Australia and Kiribati agreed on and developed an education sector programming approach to improve the flexibility, sustainability and cost-effectiveness of the education system. The program will improve access and equity through institutional strengthening, skills upgrading of 200 secondary school teachers, and curriculum and infrastructure development. The outer islands school construction program began in June, and access to basic education should improve through the construction of four additional schools.
The East Asian economic crisis has led to some changes in programs undertaken in 1997-98 and highlighted the need for an increased focus in future years on governance in the region. Australian country program assistance totalled $262.9 million to the region.
Australian country program assistance totalled $80.4 million to Indonesia. AusAID undertook a Program Planning Mission with Indonesian government officials in August. The mission confirmed the framework for the programs strategic directions, and recommended that the program focus on Indonesias poorest, eastern provinces and on aid in rural development, health, environment, education, water supply and governance sectors. Australia and Indonesia endorsed these recommendations during February at their annual High-level Aid Consultations.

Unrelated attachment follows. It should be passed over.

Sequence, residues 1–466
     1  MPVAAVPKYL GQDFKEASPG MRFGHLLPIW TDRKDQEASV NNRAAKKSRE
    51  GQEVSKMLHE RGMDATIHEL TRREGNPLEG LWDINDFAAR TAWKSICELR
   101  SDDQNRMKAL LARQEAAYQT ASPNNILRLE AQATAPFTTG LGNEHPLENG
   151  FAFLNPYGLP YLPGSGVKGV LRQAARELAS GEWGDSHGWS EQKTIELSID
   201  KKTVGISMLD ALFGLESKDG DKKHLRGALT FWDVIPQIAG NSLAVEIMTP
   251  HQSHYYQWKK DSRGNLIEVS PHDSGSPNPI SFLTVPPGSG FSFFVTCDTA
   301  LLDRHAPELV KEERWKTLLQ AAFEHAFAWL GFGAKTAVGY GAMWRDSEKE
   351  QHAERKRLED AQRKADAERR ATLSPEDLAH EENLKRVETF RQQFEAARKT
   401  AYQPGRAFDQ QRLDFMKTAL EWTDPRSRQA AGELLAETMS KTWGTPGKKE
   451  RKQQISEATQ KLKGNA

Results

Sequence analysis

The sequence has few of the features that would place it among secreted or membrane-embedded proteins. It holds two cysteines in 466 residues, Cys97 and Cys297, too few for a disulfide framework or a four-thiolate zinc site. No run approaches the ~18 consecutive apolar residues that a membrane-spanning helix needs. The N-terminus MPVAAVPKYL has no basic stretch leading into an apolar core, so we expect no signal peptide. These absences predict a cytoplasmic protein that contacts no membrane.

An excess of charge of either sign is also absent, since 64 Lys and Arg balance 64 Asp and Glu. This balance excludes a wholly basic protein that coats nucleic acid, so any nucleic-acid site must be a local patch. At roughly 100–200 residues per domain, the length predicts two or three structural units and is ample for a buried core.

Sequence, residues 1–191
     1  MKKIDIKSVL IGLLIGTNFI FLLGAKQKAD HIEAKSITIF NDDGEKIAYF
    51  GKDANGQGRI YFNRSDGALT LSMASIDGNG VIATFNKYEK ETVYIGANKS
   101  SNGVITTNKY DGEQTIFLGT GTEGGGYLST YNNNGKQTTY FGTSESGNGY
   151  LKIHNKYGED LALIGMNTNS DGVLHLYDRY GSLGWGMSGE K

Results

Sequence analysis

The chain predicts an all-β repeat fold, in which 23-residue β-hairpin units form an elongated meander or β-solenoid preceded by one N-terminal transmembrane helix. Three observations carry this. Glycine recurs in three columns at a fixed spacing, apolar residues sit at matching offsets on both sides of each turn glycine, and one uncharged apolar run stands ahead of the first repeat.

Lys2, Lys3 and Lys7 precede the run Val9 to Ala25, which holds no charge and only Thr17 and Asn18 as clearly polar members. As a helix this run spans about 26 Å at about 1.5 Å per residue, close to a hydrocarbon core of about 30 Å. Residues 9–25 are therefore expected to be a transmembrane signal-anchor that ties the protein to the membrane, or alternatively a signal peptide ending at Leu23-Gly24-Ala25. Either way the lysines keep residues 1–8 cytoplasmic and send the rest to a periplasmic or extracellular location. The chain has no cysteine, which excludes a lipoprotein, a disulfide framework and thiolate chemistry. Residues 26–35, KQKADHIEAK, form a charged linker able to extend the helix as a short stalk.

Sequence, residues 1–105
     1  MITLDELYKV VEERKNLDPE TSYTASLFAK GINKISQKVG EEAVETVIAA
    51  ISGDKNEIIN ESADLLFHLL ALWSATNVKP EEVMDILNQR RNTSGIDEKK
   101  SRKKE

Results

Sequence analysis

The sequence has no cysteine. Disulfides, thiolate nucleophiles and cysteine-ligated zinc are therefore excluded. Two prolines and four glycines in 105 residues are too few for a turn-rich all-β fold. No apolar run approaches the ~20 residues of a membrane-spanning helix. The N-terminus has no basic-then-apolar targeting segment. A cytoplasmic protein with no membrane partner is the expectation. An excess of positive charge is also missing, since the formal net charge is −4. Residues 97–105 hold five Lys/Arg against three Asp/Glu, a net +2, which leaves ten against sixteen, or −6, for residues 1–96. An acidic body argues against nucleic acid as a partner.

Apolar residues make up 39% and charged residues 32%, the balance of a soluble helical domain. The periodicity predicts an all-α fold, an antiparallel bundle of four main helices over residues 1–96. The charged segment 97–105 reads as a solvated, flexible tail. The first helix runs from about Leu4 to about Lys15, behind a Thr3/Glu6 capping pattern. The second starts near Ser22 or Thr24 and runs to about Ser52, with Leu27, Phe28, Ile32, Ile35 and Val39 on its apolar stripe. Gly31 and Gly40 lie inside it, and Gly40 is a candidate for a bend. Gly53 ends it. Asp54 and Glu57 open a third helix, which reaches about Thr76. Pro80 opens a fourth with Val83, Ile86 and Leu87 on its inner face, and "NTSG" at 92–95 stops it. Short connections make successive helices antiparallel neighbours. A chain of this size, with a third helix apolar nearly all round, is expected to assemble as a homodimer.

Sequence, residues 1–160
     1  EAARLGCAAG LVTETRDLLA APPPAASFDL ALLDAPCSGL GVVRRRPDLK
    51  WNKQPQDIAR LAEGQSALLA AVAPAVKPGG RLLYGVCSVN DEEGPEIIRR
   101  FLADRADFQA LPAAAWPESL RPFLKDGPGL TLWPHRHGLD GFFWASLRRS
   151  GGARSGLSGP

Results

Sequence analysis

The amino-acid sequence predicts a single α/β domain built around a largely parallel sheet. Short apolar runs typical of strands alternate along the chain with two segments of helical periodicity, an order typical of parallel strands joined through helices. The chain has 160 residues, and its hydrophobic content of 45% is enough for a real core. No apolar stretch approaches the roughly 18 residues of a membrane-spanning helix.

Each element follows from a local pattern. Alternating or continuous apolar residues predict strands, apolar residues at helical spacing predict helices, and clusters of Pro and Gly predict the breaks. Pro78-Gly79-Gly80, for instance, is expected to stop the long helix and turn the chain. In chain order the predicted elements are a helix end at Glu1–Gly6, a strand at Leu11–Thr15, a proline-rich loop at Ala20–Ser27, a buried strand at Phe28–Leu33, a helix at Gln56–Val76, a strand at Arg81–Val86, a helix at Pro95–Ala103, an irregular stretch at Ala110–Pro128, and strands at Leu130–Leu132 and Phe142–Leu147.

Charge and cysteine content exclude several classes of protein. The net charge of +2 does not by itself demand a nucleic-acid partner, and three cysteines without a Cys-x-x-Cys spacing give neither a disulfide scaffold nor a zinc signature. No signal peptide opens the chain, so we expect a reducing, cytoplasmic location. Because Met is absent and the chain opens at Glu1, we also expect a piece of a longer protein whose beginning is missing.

In response to the drought and financial crisis in Indonesia, Australia provided a significant package of humanitarian, technical and financial assistance. This package included:
In addition to this package, the aid program continued to support projects which contribute to achieving sustainable development and alleviating poverty in Indonesias eastern provinces.
Over 800 people received short-term training in midwifery, hospital administration and intellectual property rights through the Specialised Training Project. A further 265 students completed postgraduate study in Australia with AusAID funding.
Seventy health care facilities were upgraded, and in Nusa Tenggara Timur and Nusa Tenggara Barat provinces, training was provided under the Womens Health and Family Planning Project, benefiting up to 3 million people.
The aid program funded studies in economics, agri-business opportunities, foreign investment promotion and small to medium-sized enterprise development to support the Australia Indonesia Development Area initiative the Indonesian and Australian Governments launched in April 1997. These studies are intended to lead to project activities which support the AIDA objective of facilitating growth in private sector trade and investment in the area.
Australian country program assistance totalled $51.2 million to the Philippines. The aid program continued to promote sustainable development in the Philippines by delivering projects and programs in accordance with priorities agreed between the Australian and Philippine Governments.
Through the aid program, Australia supported a UNDP emergency program to promote the peace process in Mindanao, which provided assistance to 45 000 people. In addition, Australia provided 1 000 photovoltaic electric generating systems to power district hospitals, rural health centres, schools and community centres in over 400 remote villages in Visayas and Mindanao.
Australian aid contributed to improved health in the Philippines by:
Australian aid helped improve education by: